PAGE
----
Those of you who know me know I am about as close to pure pantser as a writer who produces coherent stories can be. I often have no idea what's going to happen past the next chapter or so, and only a vague notion of how I'm going to get from there to the ending - if I know what the ending is supposed to be.
For those of us who plot by the seat of our pants (pantsers), it's a fairly common experience. It's also why plotters think pantsers can't carry a plot in a bucket. Of course, those of us who plot in detail (something I personally can't do) have nice detailed outlines and they know beforehand what's going to happen - so those fortunate souls probably look at pantsers like me with complete incomprehension anyway.
So how can a pantser plot? One option is to ask Pratchett how he does it (he's probably the most prominent pantser in the genre at the moment) - but he's probably not going to be able to tell you. See, the biggest difference between plotters and pantsers that I can see is that for plotters it's all up front in the conscious brain. Pantsers just about everything is subconscious until it needs to be made conscious (usually while you're writing it, sometimes later than that). I'll find myself dropping something in for no reason I can see - and then later it turns out to have been key foreshadowing.
Anyway, here are some of the things I do in lieu of having a carefully planned out plot. I try to have a very good idea what drives my characters, even when they're being recalcitrant. I look for at least one overriding need which they're going to try to meet. In Impaler, Draculea's strongest need is to protect his family - a need which is so strong he'll risk everything on the slim chance of success - not least because there is no other option.
Which is - for me at least - the key to plotting. Once I know what a character needs most, I arrange to remove the options they have of getting it to drive them into the method that will challenge them most. Impaler was easy - it was all historically there. For other books, I've used weather, other characters, anything environmental I can so that the only choice they've got is the one that leads to the end. Sometimes, if I have a character with a strong sense of duty I can use that instead - the character's own nature will push him or her into situations that force the plot.
Another technique is to borrow from the world of psychology. I hope you'll forgive the digression into what's only a short distance removed from pop psychology, because it does make a handy tool to figure out what that oh-so-irritating character will do next.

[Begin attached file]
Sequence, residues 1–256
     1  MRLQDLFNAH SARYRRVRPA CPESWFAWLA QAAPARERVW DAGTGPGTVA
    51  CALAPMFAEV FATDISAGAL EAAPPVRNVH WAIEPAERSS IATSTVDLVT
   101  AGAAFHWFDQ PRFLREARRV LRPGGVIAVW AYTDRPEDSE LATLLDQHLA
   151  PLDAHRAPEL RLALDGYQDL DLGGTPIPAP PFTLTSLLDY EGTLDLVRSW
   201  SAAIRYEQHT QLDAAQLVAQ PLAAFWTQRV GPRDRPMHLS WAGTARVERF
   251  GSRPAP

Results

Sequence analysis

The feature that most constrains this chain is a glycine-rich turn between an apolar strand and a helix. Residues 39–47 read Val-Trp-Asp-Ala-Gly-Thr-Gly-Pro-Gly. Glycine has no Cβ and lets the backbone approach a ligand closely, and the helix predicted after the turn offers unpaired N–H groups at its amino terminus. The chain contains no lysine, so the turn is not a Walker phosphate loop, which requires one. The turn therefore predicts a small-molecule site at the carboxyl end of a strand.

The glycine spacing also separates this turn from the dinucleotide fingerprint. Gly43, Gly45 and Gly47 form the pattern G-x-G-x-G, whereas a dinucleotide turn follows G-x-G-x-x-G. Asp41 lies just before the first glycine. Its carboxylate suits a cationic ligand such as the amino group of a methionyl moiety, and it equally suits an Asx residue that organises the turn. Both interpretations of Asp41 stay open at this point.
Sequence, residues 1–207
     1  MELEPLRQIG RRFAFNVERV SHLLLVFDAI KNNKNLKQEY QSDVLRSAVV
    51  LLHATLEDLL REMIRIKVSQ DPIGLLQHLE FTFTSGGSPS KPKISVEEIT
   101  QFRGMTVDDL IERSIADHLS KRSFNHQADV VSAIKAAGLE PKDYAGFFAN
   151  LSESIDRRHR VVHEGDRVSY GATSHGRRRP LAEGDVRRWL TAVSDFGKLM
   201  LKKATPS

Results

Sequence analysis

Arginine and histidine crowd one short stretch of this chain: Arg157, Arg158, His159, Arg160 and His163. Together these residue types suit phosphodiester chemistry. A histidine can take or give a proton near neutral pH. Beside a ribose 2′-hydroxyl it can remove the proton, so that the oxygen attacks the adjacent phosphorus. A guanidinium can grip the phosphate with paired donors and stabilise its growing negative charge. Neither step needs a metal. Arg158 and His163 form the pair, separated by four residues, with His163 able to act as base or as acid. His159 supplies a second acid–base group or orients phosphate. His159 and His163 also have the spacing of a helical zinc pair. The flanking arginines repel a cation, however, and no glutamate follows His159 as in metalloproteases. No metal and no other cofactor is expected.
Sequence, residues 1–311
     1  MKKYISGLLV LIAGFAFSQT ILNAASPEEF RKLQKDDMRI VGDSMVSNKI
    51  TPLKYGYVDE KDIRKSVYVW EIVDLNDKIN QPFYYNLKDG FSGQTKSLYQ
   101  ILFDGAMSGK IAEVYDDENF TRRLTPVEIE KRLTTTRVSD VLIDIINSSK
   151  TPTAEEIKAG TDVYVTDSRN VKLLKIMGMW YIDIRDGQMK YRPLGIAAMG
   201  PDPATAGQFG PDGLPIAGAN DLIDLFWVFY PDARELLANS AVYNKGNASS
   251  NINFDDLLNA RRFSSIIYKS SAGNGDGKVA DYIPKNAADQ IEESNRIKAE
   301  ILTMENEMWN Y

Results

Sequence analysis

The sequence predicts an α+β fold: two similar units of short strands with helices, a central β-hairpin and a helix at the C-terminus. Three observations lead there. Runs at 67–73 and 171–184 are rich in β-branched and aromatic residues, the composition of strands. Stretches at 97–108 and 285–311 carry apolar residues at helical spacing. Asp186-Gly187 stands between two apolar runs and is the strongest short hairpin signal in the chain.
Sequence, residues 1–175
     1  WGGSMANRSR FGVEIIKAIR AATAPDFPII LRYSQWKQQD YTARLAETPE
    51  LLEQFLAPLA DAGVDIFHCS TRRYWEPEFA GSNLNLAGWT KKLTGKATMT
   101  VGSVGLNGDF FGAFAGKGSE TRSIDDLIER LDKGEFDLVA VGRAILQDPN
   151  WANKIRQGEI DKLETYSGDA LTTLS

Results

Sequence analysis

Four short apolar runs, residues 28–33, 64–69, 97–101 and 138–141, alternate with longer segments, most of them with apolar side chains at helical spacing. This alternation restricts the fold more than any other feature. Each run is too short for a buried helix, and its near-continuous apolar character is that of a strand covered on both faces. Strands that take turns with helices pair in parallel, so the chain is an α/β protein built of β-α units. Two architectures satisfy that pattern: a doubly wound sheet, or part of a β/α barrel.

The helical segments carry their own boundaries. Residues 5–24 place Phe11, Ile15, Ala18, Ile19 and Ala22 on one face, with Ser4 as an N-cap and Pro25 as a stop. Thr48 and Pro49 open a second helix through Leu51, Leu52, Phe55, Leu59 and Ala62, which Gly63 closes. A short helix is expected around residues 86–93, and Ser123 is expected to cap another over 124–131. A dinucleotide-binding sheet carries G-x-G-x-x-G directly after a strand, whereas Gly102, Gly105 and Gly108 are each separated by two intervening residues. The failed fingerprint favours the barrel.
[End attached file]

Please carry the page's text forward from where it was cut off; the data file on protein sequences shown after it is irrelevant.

What I'm talking about is Maslow's Heirarchy of Needs, which is at its core the simplest commonsense. The most basic human needs are for food, safety, and shelter - not necessarily in that order. If those aren't satisfied, higher order needs will be ignored in favor of meeting the lower order needs. So, starve your character, and his most urgent priority will be food. Put him at immediate risk of his life, and he'll do his damndest to survive. Strand him in the middle of winter, and he'll focus on finding somewhere out of the weather. And so forth. You can drive a plot a long way by this method, throwing obstacles that force your main character to fulfill a basic need in a way that will make their real goal harder to achieve.
Another useful technique is to re-use the minor characters, letting them help or hinder the main as the need arises. Pratchett uses CMOT Dibbler - and his many avatars - this way. Dibbler is mostly a background noise character, but he's always there and can be relied on to complicate things, drop a useful or frustrating hint, and sell food items of dubious origin. Pratchett could have worked with anonymous food vendors, but with Dibbler, he doesn't need to, and he has quite a bit of layered information in the things Dibbler does.
All of these things can help, but there's no real substitute for understanding plot structure. The thing with pantsers is, we need to understand it at a conscious level as well as an instinctive one. I use that order because that's the order I learned plotting. I read so much I have a built in grasp of what plot structure should look like. The result is that I'll naturally spawn intricately layered plots without really understanding what the heck is going on until - in extreme cases - I've finished writing the book. This isn't a good thing - the Epic With Everything is 160k words, and was written while I was still in uber-stripped-down style with next to no setting. Properly cleaned up and expanded there's at least three novels crammed into it, all of them hopelessly intertwined. Maybe one day I'll get good enough to tease out the structure of the thing and make it work as separate novels.
By learning plot structure at a conscious level, I have a better idea what's happening, so I can consciously shape what I'm writing to improve the pacing and foreshadowing in what I do.
What are some other ways pantsers can improve plotting?